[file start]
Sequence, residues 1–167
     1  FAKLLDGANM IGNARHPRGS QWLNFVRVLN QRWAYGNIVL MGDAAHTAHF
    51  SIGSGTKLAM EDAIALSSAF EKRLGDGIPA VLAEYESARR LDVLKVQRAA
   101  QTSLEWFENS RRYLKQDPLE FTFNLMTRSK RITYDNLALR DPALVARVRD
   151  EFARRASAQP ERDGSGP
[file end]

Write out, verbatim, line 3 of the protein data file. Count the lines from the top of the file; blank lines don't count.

    51  SIGSGTKLAM EDAIALSSAF EKRLGDGIPA VLAEYESARR LDVLKVQRAA